Rumor has it, something of this nature happened in our local markets and necessitated the formal inspection process. I don’t know if it did. But, if you are a farmer with an established clientele and a reliance on your produce sales, I can see how re-sale might be viewed as a viable back-up plan if you have massive crop failure. In fact, some markets allow, and even encourage, re-sale activity as long as the farm name and growing location are clearly displayed with the products.
Most small markets struggle with the dilemma of having enough vendors to make it worthwhile for customers to come and having enough customers to make it worthwhile for vendors to come. In my case, there are weeks when I simply do not have enough harvest to fill a table and setting up a half-empty table doesn’t benefit me or the market customers. Giving vendors more freedom with regard to what they put on their table means fewer vendors can offer more variety and have more opportunity for income from limited customers. This means more stalls stay filled and can keep a market afloat until both the vendor and the customer base increase to the point of being worthwhile for everyone.
Among vendors, there are often strong feelings on the other side of the argument as well. Vendors who work hard to grow all of their own products and charge a real price for them are concerned about being undercut by re-salers. They don’t want to see the authenticity of a local market watered down with corporate products.
Customers too, probably have preferences. I know I did when I used to shop at farmer markets. I asked questions about what, where, and how things were grown or raised before I bought. But, when I lived in the DC area, and shopped at markets, I liked being able to buy small production olive oil from Greece along with my local honey. For me, local is important. However, creating alternate markets and supply chains to give small-batch producers access to customers is something I see as totally critical.
We live in an age when department stores and chain stores are closing doors as more and more people turn to online shopping. Not that there was much virtue in shopping at a chain store, but they were at least points of human interaction. A polite greeting from a salesperson as you walk in the door, a little chit-chat during the payment process, maybe someone brought you another size while you were in the dressing room. As impersonal as that is, interfacing with a computer is infinitely less personal.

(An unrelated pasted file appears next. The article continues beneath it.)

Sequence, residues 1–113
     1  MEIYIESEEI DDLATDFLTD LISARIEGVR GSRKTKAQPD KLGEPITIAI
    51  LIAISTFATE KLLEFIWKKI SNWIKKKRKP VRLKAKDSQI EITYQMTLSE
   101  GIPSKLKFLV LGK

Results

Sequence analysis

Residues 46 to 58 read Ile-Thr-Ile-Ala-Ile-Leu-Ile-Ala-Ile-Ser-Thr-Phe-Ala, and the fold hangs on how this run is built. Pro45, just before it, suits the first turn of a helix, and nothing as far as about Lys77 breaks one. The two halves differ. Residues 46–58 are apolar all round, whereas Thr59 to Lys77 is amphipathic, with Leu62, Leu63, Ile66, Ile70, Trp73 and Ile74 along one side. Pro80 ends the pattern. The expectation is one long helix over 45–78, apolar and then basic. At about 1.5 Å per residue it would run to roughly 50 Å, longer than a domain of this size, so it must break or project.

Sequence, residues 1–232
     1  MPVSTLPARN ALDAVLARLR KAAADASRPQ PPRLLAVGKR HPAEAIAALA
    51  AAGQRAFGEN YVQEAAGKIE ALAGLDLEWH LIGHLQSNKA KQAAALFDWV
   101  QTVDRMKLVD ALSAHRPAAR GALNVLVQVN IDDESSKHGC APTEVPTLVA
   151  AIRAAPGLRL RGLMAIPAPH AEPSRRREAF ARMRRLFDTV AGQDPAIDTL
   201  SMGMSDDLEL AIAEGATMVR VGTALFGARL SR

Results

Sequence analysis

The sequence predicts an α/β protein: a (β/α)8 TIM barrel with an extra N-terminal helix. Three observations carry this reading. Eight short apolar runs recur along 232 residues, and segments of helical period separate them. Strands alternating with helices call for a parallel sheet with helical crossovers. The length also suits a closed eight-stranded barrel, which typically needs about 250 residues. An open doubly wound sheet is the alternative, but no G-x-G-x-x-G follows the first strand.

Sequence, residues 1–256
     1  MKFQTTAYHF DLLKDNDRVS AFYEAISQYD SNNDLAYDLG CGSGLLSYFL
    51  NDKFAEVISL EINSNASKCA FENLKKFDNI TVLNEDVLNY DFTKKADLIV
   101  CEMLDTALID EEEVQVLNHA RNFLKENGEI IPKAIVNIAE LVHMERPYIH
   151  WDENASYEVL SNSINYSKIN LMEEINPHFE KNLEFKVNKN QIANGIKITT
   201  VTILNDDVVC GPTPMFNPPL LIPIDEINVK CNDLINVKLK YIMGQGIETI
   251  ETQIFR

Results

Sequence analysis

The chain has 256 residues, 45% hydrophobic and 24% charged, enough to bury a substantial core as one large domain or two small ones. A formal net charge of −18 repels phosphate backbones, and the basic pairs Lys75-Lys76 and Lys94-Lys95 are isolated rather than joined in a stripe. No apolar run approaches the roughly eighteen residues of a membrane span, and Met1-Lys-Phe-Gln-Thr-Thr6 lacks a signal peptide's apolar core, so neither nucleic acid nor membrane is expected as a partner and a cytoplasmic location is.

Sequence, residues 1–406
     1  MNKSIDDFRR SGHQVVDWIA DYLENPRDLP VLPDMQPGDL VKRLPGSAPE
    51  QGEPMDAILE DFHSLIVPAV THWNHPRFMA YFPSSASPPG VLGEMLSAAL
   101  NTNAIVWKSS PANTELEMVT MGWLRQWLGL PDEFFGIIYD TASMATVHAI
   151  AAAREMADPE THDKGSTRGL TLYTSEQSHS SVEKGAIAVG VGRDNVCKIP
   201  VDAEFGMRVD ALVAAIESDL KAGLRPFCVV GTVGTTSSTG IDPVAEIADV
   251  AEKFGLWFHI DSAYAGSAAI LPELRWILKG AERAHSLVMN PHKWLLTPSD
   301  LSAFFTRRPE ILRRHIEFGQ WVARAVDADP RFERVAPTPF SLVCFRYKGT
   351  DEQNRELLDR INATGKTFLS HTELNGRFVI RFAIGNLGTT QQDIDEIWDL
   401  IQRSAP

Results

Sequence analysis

When I sat down to write about this, the more I wrote and contemplated, the more clear it became that I am less concerned with local and more concerned about making sure people have access to goods with a human story. I want markets to allow items that were made, grown, or collected for re-sale with love, by human beings, instead of factories or corporations. Size matters for me. Markets make sales transactions personal again even if the produce is from two counties over, farmed by equipment instead of human hands. Whether the human standing in the stall made or grew the goods themselves is less important to me than whether we create options for small growers and producers to support participation in human-scaled alternative economies.
“Yes, but I want local produce. I want to get the fossil fuel miles out of my food purchases. Local matters.” I hear this argument echoing in my own head, not from some imaginary opponent, but from myself just a few years ago. And I think of how naive that idea was.
If you dig into the details, you will find the only thing local in our markets is the person doing the growing or selling (and many of us come by way of some other place too). All of us local “producers” buy our seeds from vendors in other states who collected seeds from around the world. We use fertilizers and pesticides that come from around the globe (e.g. organic neem oil from trees in India). We drive our globally built cars using foreign oil to get to the market. We shop at Home Depot, Lowe’s, and Tractor Supply for growing supplies like seed starting light bulbs. Or we use Amazon for our soil block makers. Our tractors, tools, tables, tents, packaging, etc. are all generally from China. For those of us who refuse to grow GMOs, our crops are still cross-pollinated by GMOs engineered elsewhere and shipped wherever, carried on the wind to our properties without our permission.